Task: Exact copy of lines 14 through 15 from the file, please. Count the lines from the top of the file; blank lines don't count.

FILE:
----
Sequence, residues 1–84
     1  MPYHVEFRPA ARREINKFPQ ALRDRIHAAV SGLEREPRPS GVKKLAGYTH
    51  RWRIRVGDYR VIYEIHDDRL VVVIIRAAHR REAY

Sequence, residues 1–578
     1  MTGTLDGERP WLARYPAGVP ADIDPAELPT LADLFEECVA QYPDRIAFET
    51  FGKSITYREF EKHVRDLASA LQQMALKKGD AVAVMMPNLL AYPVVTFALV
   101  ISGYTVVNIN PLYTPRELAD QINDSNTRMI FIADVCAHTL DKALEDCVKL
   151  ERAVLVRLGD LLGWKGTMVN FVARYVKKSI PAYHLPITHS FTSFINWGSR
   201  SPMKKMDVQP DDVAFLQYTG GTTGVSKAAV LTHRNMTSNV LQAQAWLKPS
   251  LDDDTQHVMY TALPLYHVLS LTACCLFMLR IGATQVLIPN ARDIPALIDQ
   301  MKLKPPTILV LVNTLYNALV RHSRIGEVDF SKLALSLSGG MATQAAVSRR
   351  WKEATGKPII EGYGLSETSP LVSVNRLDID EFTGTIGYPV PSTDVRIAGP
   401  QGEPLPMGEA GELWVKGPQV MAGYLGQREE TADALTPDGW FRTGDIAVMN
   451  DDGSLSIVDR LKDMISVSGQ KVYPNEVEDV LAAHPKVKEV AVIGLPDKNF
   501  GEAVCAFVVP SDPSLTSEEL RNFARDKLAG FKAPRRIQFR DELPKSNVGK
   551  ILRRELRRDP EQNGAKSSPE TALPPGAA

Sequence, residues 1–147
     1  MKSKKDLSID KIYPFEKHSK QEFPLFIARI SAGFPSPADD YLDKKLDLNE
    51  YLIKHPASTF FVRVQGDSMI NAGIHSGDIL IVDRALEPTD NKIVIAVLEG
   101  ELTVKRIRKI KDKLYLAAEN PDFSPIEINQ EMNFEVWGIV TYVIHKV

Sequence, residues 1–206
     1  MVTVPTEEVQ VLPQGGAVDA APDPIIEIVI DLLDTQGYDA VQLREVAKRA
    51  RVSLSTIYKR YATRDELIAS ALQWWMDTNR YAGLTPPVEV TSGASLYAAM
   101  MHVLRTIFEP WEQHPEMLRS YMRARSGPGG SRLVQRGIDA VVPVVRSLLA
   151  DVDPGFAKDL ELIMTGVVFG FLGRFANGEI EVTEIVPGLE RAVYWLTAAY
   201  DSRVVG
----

   451  DDGSLSIVDR LKDMISVSGQ KVYPNEVEDV LAAHPKVKEV AVIGLPDKNF
   501  GEAVCAFVVP SDPSLTSEEL RNFARDKLAG FKAPRRIQFR DELPKSNVGK